Saturday, May 4, 2013

Art Event: Kate McAmon

Artist Kate McAmon recently spoke at St. Mary's advising art students on the process of going on art residencies and how they can affect your personal artistic style. While she was only a recent graduate from school herself and I initially questioned why I was listening to someone just a few years older than myself who had yet to do anything truly noteworthy, I ended up enjoying her lecture and watching how her art changed and matured dramatically over the course of just a few years.

The first few pieces she showed us were portrait images of herself and her twin brother, and while they showed that she was clearly talented and trying to achieve a unique look for her pieces, they came off as relatively unplanned and messy. When I first saw them I began to regret attending the talk because in my opinion there is nothing worse than listening to someone talk about art that you don't like, especially when it does not even have a concept you find interesting. Luckily she next told us that she worked with narrative oil painter Odd Nerdrum in Norway working on her narrative imagery and attempting to find a balance in her portrayal of the human figure. Nerdrum had a heavy influence on her work and coming out of this first residency her pieces appeared far smoother and more grounded in reality while retaining an inner light and fairytale feel.

Her next residency brought her to Italy where she moved away from her original style completely, choosing to reject the human figure in favor for creating images echoing the scenes of Italy that surrounded her. Her favorite thing to recreate were images of hanging laundry on balconies of homes. She liked the idea of the hanging laundry telling a story about the person who owned them without having to include an actual image of the person themselves.

After she graduated from MICA she returned to her family home to work. She currently is teaching art lessons to students of all ages and working on a new theme in her artwork. Her most recent work uses old photo negatives and recreates them into beautiful small paintings. Changing the size, concept and overall look of her work shows how comfortable she has become in experimenting with her style.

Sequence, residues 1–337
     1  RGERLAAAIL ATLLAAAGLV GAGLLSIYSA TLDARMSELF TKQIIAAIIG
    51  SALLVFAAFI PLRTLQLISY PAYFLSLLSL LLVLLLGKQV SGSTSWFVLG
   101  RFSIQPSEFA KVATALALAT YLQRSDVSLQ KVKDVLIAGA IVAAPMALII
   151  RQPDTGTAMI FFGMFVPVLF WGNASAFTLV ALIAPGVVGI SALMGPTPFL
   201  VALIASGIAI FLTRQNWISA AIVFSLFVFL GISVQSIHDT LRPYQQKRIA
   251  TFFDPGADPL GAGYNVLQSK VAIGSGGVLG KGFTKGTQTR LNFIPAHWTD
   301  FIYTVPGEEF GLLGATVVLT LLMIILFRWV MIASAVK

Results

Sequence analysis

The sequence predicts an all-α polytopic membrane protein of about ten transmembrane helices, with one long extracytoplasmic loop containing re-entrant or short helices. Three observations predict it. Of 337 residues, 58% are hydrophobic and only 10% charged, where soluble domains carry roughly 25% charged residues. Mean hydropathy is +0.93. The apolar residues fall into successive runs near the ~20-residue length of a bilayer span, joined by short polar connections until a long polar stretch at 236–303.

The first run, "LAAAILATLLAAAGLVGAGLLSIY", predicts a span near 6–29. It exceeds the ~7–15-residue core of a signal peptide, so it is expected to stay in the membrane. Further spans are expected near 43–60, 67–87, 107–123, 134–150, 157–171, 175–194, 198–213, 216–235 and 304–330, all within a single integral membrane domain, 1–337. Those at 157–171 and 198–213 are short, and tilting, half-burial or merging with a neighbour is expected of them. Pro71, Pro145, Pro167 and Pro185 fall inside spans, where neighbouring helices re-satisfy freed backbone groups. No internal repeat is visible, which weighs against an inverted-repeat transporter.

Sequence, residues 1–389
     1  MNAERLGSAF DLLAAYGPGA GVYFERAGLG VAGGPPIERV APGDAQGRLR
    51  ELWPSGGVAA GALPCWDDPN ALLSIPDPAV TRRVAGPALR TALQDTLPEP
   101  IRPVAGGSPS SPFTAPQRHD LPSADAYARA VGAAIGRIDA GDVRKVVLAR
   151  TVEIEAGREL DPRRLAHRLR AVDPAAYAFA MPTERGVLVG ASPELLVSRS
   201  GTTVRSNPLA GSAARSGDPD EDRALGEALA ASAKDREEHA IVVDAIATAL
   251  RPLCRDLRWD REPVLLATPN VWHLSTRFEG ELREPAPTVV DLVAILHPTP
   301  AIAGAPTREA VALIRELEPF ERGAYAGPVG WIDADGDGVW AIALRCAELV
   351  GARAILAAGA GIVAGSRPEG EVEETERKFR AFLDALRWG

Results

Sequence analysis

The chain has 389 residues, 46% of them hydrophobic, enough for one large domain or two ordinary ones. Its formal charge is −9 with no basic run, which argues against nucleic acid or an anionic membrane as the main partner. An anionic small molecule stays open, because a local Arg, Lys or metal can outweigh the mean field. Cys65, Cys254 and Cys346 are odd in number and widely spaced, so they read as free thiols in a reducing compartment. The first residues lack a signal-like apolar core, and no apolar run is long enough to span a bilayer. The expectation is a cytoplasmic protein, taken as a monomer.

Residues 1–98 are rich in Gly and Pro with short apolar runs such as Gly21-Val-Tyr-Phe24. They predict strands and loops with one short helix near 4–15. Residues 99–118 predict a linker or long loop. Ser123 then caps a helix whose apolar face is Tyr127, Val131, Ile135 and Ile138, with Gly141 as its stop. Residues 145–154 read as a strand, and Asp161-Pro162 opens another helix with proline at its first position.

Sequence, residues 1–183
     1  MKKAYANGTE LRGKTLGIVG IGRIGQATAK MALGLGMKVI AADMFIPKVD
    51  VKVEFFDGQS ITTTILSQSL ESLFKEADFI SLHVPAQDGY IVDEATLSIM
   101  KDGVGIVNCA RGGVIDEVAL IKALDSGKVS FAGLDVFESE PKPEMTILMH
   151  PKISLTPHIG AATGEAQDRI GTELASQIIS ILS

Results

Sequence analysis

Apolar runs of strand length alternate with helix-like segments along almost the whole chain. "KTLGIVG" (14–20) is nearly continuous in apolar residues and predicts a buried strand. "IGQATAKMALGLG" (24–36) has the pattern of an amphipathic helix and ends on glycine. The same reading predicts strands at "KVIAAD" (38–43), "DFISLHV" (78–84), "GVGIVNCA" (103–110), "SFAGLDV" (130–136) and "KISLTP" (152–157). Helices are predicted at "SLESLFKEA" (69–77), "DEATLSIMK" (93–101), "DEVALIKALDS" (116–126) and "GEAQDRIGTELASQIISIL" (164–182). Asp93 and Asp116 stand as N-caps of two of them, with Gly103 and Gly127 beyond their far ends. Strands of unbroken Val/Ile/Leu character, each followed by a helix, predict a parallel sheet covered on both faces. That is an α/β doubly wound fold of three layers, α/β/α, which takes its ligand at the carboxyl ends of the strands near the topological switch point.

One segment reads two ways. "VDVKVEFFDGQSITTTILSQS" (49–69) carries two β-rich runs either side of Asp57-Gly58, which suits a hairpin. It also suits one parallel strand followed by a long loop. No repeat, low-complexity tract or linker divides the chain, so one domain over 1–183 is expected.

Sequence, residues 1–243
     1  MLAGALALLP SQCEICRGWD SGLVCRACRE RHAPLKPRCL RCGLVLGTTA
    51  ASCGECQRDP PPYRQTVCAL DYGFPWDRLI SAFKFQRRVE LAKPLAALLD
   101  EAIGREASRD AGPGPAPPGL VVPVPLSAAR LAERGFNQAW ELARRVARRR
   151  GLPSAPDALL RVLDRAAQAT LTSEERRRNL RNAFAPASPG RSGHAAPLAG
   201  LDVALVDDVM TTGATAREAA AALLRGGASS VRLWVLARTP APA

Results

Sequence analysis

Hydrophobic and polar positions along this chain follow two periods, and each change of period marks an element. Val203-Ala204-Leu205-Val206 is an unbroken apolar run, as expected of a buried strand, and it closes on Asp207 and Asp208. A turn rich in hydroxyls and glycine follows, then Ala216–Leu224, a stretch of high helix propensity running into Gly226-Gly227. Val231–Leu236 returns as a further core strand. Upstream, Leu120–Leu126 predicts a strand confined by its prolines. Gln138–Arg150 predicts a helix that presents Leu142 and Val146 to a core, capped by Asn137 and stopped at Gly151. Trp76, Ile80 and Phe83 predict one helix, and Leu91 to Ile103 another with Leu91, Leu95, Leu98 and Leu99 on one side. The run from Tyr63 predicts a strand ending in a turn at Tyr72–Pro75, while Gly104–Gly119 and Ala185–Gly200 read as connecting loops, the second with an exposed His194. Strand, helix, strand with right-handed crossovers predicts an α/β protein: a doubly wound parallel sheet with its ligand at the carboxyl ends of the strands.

This lecture ended up being an enjoyable lesson in how a person should always try to get as many different experiences and come across as many different opinions on how something should be done in order to make themselves as skilled as possible in what they want to do. This was nice because it was able to applied to a wide range of interests and not only applicable to people who wanted to work in studio art.

Website link :)


Tuesday, April 23, 2013

Website Links

Get Lost:


Tuesday, April 16, 2013

Get Lost Project Images

Website Inspiration

The internet is full of useful websites that can give their visitors plenty of useful information, but I find myself drawn to websites that exist purely for the purpose of being useless. People seem to take the internet too seriously, I see fights break out on all kinds of websites and it baffles me that there are so many people in the world that can get so enraged over something someone wrote online. I would like to remind people that while the internet can and should serve as a functional tool in today's society that does not mean that there is no room for humor, pleasure, stupidity, and uselessness. With that in mind I came across several websites that simply exist, they do not take themselves seriously and therefore allow the visitors to not take them seriously either.

This site treats the viewer to endless fields of color collapsing one after another on top of themselves with a haunting noise in the background. I enjoy it not only for its appearance to be useless, but also because the vast array of colors and abstract shapes appear very artistic and also soothing. I spent several minutes watching the repetitive falling colors and moving my mouse around attempting to figure out if there was any way that you could control or alter the site (I'm pretty sure there is not).

This website introduces the visitor to an animated character with almost no features. He is a black cylinder with two white eyes that are the only sign that he is in fact a living character. Moving your mouse across the page controls the direction that he wiggles in, and moving your mouse around very quickly causes him to appear to go into what I can only assume is an epileptic fit. I really enjoy the simplicity of the character combined with the very simple background, and the immense changes that take place after the visitor is prompted to shake their mouse.